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Game Mediated Communication: Multiplayer Games as the Medium for Computer Based Communication
Stockholm University, Faculty of Social Sciences, Department of Computer and Systems Sciences.
2005 (English)In: Proceedings of DIGRA 2005, Changing Views: Worlds in Play, 2:nd International Digital Games Research Association Conference, June 16:th-20:th, 2005, Vanvouver, Canada.: Digital Games Research Organisation , 2005Conference paper (Refereed)
Abstract [en]

As multiplayer games evolve in functionality and with respect to the number of participants, ingame communication between players is increasing. As in-game communication increases, games may be considered the natural medium for computer based communication in general. Special issues may arise due to the real-time nature of many games, as intraplayer communication must not interfere with other parts of the gameplay. To obtain information on the extent to which computer based chat is spontaneously associated with multiplayer games, an empirical study was conducted. Children from age 10 to age 15 were interviewed about their computer based communications. To ensure unbiased results, game related issues were never brought up by the interviewer. Results show that multiplayer games were spontaneously pinpointed by 16.83% of the interview subjects being asked about their computer chat habits. Positive remarks dominated, but some negative aspects were also mentioned, such as difficulty chatting and playing simultaneously.

Place, publisher, year, edition, pages
Vanvouver, Canada.: Digital Games Research Organisation , 2005.
National Category
Information Science
URN: urn:nbn:se:su:diva-38059OAI: diva2:305891
Available from: 2010-03-25 Created: 2010-03-25 Last updated: 2010-08-03Bibliographically approved
In thesis
1. Perception of Computer Games in Non-Gaming Contexts
Open this publication in new window or tab >>Perception of Computer Games in Non-Gaming Contexts
2010 (English)Doctoral thesis, comprehensive summary (Other academic)
Abstract [en]

As computer games have evolved from single-player entities to complex, highly communicative on-line game worlds, their potential to fill different roles in society has grown. One aspect of this change is that various forms of computer mediated communication may become increasingly associated with games in various ways. Another issue is that of extensive exposure to computer games possibly leading to behavioural change through the mechanism of neuroplasticity, as argued by some researchers. Finally, since experiences from using game-like software designed explicitly for teaching purposes, edutainment, have been reported to be somewhat disappointing, the alternative to use unmodified straight-from-the-shelf computer games as learning environments in school is an interesting option.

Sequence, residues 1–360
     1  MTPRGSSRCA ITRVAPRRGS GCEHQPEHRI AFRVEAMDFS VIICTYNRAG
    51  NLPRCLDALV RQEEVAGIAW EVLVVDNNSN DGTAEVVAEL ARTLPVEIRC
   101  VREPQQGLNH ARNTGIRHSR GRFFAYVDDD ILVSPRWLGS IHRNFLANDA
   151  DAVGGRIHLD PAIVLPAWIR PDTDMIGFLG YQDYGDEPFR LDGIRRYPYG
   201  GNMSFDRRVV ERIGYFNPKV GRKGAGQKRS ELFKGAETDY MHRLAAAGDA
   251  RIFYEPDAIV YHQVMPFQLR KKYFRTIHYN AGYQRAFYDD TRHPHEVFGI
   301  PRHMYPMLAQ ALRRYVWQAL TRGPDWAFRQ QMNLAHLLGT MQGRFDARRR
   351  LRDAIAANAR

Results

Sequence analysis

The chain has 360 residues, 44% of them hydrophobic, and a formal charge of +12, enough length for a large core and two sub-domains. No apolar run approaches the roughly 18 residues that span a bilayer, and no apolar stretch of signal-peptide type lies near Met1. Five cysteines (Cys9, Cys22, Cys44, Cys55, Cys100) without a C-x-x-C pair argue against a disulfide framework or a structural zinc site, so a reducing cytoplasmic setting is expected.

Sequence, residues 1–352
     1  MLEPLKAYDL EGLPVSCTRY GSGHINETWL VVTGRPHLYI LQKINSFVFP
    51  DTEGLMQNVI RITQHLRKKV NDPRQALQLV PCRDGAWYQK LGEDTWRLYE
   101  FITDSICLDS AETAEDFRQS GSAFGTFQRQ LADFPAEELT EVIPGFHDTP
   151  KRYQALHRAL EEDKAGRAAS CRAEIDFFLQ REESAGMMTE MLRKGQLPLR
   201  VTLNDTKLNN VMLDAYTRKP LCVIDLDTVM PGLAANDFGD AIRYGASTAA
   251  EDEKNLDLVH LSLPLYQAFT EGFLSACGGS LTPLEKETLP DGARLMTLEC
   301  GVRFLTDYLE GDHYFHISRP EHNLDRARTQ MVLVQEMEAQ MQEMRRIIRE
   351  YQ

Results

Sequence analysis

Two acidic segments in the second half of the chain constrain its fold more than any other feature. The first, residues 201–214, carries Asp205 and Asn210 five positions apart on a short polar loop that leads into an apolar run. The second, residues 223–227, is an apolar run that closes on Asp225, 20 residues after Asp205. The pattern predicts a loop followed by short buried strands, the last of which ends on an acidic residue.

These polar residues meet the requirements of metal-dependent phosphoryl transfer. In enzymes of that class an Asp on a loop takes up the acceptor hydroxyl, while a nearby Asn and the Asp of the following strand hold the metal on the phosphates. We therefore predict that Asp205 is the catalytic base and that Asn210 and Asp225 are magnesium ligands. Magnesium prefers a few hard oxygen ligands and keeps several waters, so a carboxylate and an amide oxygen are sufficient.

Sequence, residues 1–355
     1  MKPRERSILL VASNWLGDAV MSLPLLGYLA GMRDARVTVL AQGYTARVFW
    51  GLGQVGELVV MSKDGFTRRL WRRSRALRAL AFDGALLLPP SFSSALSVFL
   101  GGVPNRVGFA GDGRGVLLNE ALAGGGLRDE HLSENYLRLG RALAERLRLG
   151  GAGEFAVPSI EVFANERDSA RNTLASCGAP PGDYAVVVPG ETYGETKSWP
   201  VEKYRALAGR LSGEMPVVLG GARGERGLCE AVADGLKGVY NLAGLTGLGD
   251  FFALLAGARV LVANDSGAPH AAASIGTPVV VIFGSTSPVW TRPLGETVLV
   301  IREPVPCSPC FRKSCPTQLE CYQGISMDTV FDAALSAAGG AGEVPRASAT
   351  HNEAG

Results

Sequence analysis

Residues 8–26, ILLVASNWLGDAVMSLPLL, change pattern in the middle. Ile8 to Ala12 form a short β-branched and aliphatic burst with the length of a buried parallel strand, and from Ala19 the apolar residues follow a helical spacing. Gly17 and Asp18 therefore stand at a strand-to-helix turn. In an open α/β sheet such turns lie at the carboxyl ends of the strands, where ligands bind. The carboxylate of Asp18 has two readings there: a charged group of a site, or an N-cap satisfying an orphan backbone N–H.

To investigate these issues a series of empirical studies were conducted, the first of which were dual interview studies with students of various ages in schools in two different regions, mapping their communication habits and associations of these with games. Secondly, a series of longitudal studies were performed during the course of a four-year experimental school project, where a class of upper secondary education students used regular computer games as their main didactic environment in school.

Results show that computer mediated chat, as well as peer-to-peer file sharing, is in various ways spontaneously associated with computer games to a substantial degree. Empathy with game developers’ efforts is identified as a possible countermeasure against software piracy of games, as opposed to legislation. The theory of neuroplasticity induced behavioural change as a result of extensive exposure to computer games is corroborated by empirical observations, but not proven since other possible mechanisms are also present. The longitudal data indicates a high didactic potential in regular computer games used as learning tools in school. The teacher’s role is not marginalized but is perceived as essential by participating students, and a systematic model for evaluating the didactic potential of multimodal media such as computer games is needed.

Place, publisher, year, edition, pages
Stockholm: Department of Computer and Systems Sciences, Stockholm University, 2010. 98 p.
Report Series / Department of Computer & Systems Sciences, ISSN 1101-8526 ; 10-007
Computer games, Games, Learning, Communication
National Category
Information Science
Research subject
Computer and Systems Sciences
urn:nbn:se:su:diva-39930 (URN)978-91-7447-104-5 (ISBN)
Public defence
2010-10-18, sal B, Forum, Isafjordsgatan 39, Kista, 10:00 (English)
Available from: 2010-09-26 Created: 2010-06-03 Last updated: 2010-10-04Bibliographically approved

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